* What is Stock data – Stock data is the type of data that, in principle, should never change. The name and tax ID of your firm for example are types of stock data. Another example would be the names and account numbers of your Chart of Accounts. Stock data is the information backbone of the daily business and should rarely change. In Microsoft Navision this type of information is usually presented in the file card type view, like the customer or item cards for example.

* What is Transaction data – Transaction data is the information type that records the history of your daily business activities. It is called transaction data because it is continually growing with every movement of your accounts and is usually presented in a table view. The table view is excellent for transaction data because it shows you many records in a chronological list which helps you see the timeline of
movements. Examples of transaction data in Microsoft Navision include: the Chart of Accounts postings, the inventory postings and customer payments.

*What is Calculated data – Calculated data is where stock and transaction data types meet—where we find the sum of changes or movements associated with a standard product. For example, in the Item Card where the inventory movements of an item are shown in the Inventory field. We find another calculation field in the Customer Card
where the customer’s actual account balance (the sum of all payments and charges) is shown. This type of data is always current and actual in Microsoft Navision and can be found everywhere, including table views and file cards. When you click on
such a field and the arrow that appears, the information that Microsoft Navision used to arrive at its calculation is immediately opened.

Shortcut in Navision

* Print (Ctrl+P) – This button only functions when you are viewing a printable report.
* Page View- This button functions to execute a viewable report.
* Cut (Ctrl+X) – With this function you can remove and save information selected
from within fields (or many selected records simultaneously) to
the Windows clipboard for pasting into Microsoft Navision or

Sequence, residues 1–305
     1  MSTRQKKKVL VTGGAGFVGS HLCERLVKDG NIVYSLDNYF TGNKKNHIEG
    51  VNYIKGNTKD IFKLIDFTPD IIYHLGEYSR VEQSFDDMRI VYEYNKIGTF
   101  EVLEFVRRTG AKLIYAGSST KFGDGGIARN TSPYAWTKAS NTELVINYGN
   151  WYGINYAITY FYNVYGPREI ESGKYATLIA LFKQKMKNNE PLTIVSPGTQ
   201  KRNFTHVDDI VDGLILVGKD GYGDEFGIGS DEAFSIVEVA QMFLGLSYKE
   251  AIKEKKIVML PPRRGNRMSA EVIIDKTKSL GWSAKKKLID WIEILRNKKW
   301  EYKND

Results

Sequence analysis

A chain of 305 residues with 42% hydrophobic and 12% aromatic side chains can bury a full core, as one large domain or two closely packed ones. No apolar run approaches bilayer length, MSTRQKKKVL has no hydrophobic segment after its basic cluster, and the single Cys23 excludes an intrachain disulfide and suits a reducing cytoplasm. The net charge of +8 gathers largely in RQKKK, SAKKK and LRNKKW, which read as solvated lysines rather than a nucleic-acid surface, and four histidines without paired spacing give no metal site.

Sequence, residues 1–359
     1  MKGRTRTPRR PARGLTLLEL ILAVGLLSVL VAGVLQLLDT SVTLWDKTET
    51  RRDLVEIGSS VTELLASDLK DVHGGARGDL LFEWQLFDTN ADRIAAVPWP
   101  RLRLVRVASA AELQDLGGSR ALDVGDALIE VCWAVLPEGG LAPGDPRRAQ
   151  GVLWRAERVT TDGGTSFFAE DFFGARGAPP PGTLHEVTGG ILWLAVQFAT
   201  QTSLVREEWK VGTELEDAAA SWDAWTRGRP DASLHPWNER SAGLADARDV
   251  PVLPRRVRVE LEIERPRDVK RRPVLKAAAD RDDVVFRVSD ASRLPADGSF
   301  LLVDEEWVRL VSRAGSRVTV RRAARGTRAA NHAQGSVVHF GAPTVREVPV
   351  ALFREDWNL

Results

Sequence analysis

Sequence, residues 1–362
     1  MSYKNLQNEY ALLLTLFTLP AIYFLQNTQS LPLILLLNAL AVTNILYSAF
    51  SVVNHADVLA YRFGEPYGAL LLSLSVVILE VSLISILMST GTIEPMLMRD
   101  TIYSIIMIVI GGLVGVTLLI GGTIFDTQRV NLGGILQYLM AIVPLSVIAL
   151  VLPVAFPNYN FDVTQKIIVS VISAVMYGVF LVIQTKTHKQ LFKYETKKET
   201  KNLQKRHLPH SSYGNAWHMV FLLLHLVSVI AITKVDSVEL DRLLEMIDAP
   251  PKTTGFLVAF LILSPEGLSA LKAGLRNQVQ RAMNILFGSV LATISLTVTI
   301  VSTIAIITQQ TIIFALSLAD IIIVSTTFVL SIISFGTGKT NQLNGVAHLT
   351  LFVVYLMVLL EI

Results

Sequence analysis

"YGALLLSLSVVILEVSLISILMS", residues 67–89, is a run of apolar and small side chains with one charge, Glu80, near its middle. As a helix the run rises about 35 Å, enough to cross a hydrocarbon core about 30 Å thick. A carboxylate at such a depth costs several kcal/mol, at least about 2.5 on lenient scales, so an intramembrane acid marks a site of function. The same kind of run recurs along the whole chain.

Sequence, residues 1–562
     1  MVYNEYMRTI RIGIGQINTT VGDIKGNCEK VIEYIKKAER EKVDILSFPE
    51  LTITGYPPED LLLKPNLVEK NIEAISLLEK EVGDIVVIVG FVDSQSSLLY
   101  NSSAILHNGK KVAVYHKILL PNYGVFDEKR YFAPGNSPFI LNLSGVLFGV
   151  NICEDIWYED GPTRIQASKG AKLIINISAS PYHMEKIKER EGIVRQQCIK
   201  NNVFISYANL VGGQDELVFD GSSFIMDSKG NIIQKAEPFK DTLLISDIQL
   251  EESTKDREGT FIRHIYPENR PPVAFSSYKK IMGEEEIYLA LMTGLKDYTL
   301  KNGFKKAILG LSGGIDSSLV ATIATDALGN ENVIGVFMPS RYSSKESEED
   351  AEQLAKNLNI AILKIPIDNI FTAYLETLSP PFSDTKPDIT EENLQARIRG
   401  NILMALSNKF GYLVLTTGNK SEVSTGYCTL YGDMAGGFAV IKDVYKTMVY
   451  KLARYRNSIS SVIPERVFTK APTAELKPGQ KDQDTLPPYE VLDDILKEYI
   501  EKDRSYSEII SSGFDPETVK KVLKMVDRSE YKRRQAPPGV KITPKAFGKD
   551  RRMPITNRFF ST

other applications like Microsoft Excel.
* Copy (Ctrl+C) – This functions just like the Cut function except that it does not
remove the information it copies to the clipboard.
* Undo (Ctrl+Z) – This function will reverse your action in a field before you have
left that field (ESC will do the same).


# Paste (Ctrl+V) – This function enters contents to the clipboard into the area you
have selected.
# Insert (F3) – This function will open a new, empty record into a table.
# Delete (F4) – This function deletes a selected record from a table.
# Search (Ctrl+F) – This function opens the search, find and replace window.
# Field Filter (F7) – With this function you can limit what records you retrieve from
the database with Microsoft Navision filter keys. (We will go into
great detail about this important tool later).
# Table Filter (Ctrl+F7)- With this function you can view, add to and/or remove all the
filters in a table that limit the records Microsoft Navision can retrieve.
# Flow Filter(Shift+F7)- This function shows which filters determine the values in calculated fields, such as an account balance or total sales.
# Sorting (Ctrl+F8)- This button opens the Sorting window and shows you what options
are available to sort the records in a table.
# First, Previous,Next, Last – These buttons allow you to toggle through the records in a table.
# List (F5)- This button displays the table view of the file card you are currently
in. If the file card does not have a table view it is possible
to create one.
# Help (F1) – When you have a question about a Microsoft Navision feature
you can select the object and press the F1 function button on
your keyboard. Not every feature contains help in the documentation,
however, most are covered.

What is C/FRONT in Navision

C/FRONT: This is an application programming interface that allows you to develop applications in other programming languages to access a Microsoft NAV database, either the C/SIDE Database Server or the Microsoft SQL Server.

The primary component of C/FRONT is a library of callable C functions, which provide access to every aspect of data storage and maintenance. This allows creation of custom components written in C, C++, VB, Delphi, and the Visual Studio.NET languages as well as other languages that support compatible calling conventions. C/FRONT is only tested by Microsoft for use with code built using either the Watcom C or Microsoft C++ compilers. C/AL triggers cannot be invoked via C/FRONT code.
C/FRONT comes as a set of files to be installed guided by the instructions given in the C/FRONT manual.

What is mean C/SIDE in Nav

C/SIDE: Client/Server Integrated Development Environment is the development tool specified for using C/AL. It includes the language editor, compiler, debugger, reports and form generators and code management tools.

Almost all the C/AL development is done within C/SIDE without the use of external tools. For most application development, NAV is entirely self sufficient except for those services provided by the Windows operating systems. It is possible, though generally not recommended, to write code using a text editor and then import it into C/SIDE.